08051: Steenbras Power Station - Element leading with new technology
|News - Elementary News|
The 180 MW Steenbras Power Station, located 50 km from Cape Town near Gordon’s Bay in the Western Cape, was the first hydroelectric pumped-storage scheme in Africa when it was built more than 30 years ago. It was primarily intended to generate during peak loads and is used as the regulating station on the City of Cape Town’s electricity distribution network.
Each of the station’s four 45 000 kW generator units acts as a pump-motor in one mode and a turbine-generator in the other. Surplus national generating capacity is employed to utilise relatively low cost off-peak electricity available at night to pump water from a lower to an upper storage reservoir. During periods of peak demand in the day the water is released back to the lower reservoir, thereby generating electricity as in a conventional hydroelectric power station.
Element Consulting Engineers was appointed as the consulting engineer and project manager resposible for overseeing the replacement of existing power transformers for the Steenbras Power Station generators. The power station uses 4 x 60MVA transformers to convert 12kV to 132KV to supply it into the backbone of the City’s electrical network. Which sets this project apart from others is that ECE implemented new technology for the temperature control, which is now also being followed by other supply authorities with their power transformers. The new technology uses optical fibres to sense temperatures inside the transformer for condition monitoring. Temperature control is important to ensure that it does not overheat due to a faulty condition, as well as to prevent overloading. Due to high cost and critical importance of this component it is crucial to ensure that the transformers remain in good working condition.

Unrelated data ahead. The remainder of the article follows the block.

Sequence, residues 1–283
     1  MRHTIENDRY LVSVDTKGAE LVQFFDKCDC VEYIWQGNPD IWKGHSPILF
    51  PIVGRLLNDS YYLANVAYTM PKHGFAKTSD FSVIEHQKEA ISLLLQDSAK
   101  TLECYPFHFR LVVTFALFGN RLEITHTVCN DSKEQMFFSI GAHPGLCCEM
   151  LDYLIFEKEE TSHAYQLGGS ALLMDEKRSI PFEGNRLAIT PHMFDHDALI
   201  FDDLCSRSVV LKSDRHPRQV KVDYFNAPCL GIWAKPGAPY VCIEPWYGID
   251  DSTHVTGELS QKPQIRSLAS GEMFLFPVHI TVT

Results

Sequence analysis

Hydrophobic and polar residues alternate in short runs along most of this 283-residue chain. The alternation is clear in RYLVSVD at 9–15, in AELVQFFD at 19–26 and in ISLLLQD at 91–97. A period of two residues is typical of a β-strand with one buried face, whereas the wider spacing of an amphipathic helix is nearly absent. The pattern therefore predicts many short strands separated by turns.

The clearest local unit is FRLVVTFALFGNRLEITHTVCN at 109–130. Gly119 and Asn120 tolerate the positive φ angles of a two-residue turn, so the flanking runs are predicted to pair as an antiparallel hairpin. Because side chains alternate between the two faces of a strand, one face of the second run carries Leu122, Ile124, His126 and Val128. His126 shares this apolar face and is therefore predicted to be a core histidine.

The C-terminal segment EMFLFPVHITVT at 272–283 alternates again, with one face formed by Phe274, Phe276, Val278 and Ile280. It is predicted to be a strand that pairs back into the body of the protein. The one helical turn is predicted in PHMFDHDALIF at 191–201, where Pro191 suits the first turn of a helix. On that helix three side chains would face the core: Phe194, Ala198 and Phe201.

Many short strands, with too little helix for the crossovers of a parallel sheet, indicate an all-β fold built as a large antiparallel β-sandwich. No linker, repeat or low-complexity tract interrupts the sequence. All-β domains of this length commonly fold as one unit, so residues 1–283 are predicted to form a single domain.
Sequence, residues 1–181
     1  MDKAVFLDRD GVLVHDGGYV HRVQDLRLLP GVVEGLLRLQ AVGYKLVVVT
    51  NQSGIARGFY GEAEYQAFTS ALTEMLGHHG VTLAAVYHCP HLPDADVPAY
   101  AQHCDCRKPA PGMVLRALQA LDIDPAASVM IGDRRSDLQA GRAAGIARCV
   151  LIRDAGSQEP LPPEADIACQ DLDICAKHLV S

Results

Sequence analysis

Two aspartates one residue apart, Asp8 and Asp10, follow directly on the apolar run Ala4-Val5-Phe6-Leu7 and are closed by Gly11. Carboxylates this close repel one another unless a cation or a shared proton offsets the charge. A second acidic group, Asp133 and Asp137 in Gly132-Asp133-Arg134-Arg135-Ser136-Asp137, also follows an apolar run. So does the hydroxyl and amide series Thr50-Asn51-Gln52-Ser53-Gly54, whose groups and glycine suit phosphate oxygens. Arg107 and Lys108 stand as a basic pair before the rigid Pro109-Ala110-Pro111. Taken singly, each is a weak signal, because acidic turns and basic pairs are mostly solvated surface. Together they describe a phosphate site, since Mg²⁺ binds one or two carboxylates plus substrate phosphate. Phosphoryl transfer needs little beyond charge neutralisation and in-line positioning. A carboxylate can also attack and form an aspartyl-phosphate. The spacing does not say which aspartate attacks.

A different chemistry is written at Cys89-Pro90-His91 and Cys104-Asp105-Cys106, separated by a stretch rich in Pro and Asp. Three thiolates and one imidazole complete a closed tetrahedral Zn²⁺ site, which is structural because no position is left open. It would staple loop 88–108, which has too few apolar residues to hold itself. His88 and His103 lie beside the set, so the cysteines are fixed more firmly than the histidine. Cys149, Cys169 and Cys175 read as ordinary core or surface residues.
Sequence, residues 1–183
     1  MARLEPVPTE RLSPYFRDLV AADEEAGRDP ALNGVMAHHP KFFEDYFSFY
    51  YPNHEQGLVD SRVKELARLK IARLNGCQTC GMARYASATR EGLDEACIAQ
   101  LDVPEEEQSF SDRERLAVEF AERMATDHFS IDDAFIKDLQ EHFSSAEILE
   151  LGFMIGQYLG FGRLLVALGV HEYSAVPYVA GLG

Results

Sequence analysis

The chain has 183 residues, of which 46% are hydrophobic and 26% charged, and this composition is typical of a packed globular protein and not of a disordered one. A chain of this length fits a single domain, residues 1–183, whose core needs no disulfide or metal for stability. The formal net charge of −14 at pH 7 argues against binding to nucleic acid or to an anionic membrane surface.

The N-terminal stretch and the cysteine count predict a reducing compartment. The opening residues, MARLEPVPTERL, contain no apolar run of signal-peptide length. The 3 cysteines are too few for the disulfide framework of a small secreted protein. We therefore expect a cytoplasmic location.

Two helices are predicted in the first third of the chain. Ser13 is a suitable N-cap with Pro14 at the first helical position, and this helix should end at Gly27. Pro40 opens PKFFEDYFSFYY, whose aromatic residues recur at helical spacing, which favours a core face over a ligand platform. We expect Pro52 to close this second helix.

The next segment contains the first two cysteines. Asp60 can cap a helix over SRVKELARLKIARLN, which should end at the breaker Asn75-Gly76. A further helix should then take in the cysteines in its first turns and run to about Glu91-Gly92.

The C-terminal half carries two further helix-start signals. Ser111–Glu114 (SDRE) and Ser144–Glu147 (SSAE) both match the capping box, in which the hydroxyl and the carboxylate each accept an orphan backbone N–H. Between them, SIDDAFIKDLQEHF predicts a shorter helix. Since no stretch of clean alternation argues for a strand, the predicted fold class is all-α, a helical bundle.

The conventional method of determining the temperature is by measuring it at one or two spots inside the tank, and by deducting the temperature from the load current. The new technology which utilises optical fibres senses the core temperature at various locations, including “hot spots”, as well as all HV and LV winding temperatures. The advantages of the new technology is that it provides additional info about whether the oil flow is according to the design parameters, and as this information is recorded, a complete history of the transformer is available. The information obtained assist the client to manage and operate the transformer to its optimal capacity, ensures that faults are detected earlier and increases the lifespan of the transformers accordingly.
Element Consulting Engineers was responsible for the compilation of the electrical specifications, project management as well as involved in the design thereof. ACTOM Power Transformers has been awarded the contract to produce four customised 60 MVA 12/132 kV units to replace the old transformers. The contract is also among the first orders that ACTOM has received for higher rated power units since upgrading and expanding its plant to enable design and manufacture of power transformers up to and including 160 MVA.
The transformers for Steenbras were ordered in early-April 2009 by Consolidated Power Projects, the electrical project management company contracted by the City of Cape Town’s Electricity Services Department to procure, install and commission the new power transformers in place of the existing 55 MVA units.
The new transformers will incorporate air-forced and oil-directed equipment for cooling. “The design of these transformers is based on the most advanced technology available since the expansion of our plant,” says Ronnie Russell, ACTOM Power Transformers’ general manager.
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Last Updated (Friday, 08 April 2011 09:46)